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C#: Flyweight

Flyweight

Flyweight is a Conceptual design pattern that allows programs to support vast quantities of objects by keeping their memory consumption low.

Pattern achieves it by sharing parts of object state between multiple objects. In other words, the Flyweight saves RAM by caching the same data used by different objects.

Learn more about Flyweight

Application of the pattern in C#

Complexity:

Popularity:

Usage examples: The Flyweight pattern has a single purpose: minimizing memory intake. If your program doesn’t struggle with a shortage of RAM, then you might just ignore this pattern for a while.

Identification: Flyweight can be recognized by a creational method that returns cached objects instead of creating new.

Example: Conceptual Example

This example illustrates the structure of the Flyweight design pattern. It focuses on answering these questions:

  • What classes does it consists of?
  • What roles do these classes play?
  • In what way the elements of the pattern are related?

Program.cs: Conceptual Example

using System;
using System.Collections.Generic;
using System.Linq;
// Use Json.NET library, you can download it from NuGet Package Manager
using Newtonsoft.Json;

namespace RefactoringGuru.DesignPatterns.Flyweight.Conceptual
{
    // The Flyweight stores a common portion of the state (also called intrinsic
    // state) that belongs to multiple real business entities. The Flyweight
    // accepts the rest of the state (extrinsic state, unique for each entity)
    // via its method parameters.
    public class Flyweight
    {
        private Car _sharedState;

        public Flyweight(Car car)
        {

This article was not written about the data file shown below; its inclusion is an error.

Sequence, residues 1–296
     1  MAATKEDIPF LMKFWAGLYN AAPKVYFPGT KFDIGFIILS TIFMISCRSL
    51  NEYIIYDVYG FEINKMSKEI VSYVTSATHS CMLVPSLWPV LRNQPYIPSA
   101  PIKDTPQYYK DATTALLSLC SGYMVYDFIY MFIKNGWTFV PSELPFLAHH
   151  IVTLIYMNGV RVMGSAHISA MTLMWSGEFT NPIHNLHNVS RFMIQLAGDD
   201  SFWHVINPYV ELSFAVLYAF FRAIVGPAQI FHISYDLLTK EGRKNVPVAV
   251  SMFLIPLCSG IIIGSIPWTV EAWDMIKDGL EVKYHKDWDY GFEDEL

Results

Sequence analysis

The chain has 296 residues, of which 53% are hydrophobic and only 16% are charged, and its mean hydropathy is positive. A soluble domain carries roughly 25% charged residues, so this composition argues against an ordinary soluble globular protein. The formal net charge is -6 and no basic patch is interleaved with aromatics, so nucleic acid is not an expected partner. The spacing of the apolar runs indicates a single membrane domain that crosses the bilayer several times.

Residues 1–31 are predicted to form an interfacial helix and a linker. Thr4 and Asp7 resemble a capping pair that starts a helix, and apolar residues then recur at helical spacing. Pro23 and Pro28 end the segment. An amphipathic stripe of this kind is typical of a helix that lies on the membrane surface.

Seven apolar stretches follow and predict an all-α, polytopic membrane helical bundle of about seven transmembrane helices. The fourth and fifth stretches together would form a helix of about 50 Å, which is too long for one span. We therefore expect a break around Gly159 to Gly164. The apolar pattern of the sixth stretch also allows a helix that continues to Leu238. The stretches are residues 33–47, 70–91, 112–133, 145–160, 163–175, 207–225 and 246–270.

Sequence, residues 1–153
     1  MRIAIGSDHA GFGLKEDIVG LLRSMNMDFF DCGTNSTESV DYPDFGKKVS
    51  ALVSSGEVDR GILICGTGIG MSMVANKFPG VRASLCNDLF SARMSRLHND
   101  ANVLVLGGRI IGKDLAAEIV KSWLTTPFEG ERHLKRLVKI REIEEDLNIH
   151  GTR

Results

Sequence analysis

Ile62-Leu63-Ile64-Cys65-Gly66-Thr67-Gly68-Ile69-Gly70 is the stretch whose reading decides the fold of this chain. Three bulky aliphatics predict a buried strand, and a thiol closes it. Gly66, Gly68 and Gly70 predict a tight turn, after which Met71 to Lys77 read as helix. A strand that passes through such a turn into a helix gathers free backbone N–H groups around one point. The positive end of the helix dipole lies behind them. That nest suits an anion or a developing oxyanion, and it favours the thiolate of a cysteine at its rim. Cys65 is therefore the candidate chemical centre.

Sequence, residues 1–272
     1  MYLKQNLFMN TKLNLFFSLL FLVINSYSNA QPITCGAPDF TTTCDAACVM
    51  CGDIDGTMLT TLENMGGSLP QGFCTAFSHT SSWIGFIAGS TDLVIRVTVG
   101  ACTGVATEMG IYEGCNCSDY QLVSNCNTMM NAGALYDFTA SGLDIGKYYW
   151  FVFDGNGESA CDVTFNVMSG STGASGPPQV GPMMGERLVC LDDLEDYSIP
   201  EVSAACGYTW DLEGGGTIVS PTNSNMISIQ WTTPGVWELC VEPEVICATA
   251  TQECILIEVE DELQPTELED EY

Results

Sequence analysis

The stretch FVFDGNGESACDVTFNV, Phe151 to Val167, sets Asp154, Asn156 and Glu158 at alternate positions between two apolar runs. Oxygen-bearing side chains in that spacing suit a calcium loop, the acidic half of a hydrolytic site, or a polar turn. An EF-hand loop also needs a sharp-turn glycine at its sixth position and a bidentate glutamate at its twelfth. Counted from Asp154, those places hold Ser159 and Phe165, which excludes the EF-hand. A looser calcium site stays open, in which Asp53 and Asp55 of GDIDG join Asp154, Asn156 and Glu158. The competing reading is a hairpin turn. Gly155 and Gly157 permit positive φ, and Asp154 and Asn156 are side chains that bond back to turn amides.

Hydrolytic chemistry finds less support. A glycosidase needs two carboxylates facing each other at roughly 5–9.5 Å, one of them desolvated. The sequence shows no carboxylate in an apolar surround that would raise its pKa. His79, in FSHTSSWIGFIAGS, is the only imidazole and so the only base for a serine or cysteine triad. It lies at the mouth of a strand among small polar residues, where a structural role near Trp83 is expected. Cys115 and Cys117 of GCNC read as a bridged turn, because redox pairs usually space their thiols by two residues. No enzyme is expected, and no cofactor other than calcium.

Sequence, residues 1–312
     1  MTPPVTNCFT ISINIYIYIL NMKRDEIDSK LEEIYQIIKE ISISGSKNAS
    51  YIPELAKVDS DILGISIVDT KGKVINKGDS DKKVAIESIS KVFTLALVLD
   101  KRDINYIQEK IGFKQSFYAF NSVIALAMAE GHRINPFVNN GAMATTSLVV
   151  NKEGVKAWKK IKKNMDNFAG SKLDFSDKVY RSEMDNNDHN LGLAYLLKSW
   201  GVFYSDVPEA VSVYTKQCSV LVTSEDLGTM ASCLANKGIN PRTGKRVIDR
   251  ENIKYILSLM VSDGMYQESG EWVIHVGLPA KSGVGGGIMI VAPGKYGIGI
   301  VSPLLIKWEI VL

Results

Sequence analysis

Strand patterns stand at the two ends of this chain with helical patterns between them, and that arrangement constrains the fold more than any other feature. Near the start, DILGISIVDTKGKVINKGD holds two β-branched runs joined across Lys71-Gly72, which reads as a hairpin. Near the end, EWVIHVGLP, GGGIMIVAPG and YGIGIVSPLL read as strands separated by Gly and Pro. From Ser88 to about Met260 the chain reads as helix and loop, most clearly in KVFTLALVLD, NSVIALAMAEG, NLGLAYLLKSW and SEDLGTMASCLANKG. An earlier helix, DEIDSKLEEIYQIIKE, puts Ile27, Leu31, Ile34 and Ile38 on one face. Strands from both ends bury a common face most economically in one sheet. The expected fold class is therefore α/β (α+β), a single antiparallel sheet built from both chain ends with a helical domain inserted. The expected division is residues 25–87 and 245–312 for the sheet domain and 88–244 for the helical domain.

this._sharedState = car;
        }

        public void Operation(Car uniqueState)
        {
            string s = JsonConvert.SerializeObject(this._sharedState);
            string u = JsonConvert.SerializeObject(uniqueState);
            Console.WriteLine($"Flyweight: Displaying shared {s} and unique {u} state.");
        }
    }

    // The Flyweight Factory creates and manages the Flyweight objects. It
    // ensures that flyweights are shared correctly. When the client requests a
    // flyweight, the factory either returns an existing instance or creates a
    // new one, if it doesn't exist yet.
    public class FlyweightFactory
    {
        private List<Tuple<Flyweight, string>> flyweights = new List<Tuple<Flyweight, string>>();

        public FlyweightFactory(params Car[] args)
        {
            foreach (var elem in args)
            {
                flyweights.Add(new Tuple<Flyweight, string>(new Flyweight(elem), this.getKey(elem)));
            }
        }

        // Returns a Flyweight's string hash for a given state.
        public string getKey(Car key)
        {
            List<string> elements = new List<string>();

            elements.Add(key.Model);
            elements.Add(key.Color);
            elements.Add(key.Company);

            if (key.Owner != null && key.Number != null)
            {
                elements.Add(key.Number);
                elements.Add(key.Owner);
            }

            elements.Sort();

            return string.Join("_", elements);
        }

        // Returns an existing Flyweight with a given state or creates a new
        // one.
        public Flyweight GetFlyweight(Car sharedState)
        {
            string key = this.getKey(sharedState);

            if (flyweights.Where(t => t.Item2 == key).Count() == 0)
            {
                Console.WriteLine("FlyweightFactory: Can't find a flyweight, creating new one.");